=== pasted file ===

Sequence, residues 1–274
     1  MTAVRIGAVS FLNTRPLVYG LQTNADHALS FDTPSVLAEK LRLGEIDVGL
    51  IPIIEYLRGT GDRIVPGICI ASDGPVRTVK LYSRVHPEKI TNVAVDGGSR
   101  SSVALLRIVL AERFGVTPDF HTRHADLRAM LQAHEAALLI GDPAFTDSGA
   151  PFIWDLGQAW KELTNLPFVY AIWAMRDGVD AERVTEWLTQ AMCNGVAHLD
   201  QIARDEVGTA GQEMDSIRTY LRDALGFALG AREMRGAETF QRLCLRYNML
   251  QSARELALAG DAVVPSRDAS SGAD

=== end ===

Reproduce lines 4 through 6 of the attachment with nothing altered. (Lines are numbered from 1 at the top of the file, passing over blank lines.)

   101  SSVALLRIVL AERFGVTPDF HTRHADLRAM LQAHEAALLI GDPAFTDSGA
   151  PFIWDLGQAW KELTNLPFVY AIWAMRDGVD AERVTEWLTQ AMCNGVAHLD
   201  QIARDEVGTA GQEMDSIRTY LRDALGFALG AREMRGAETF QRLCLRYNML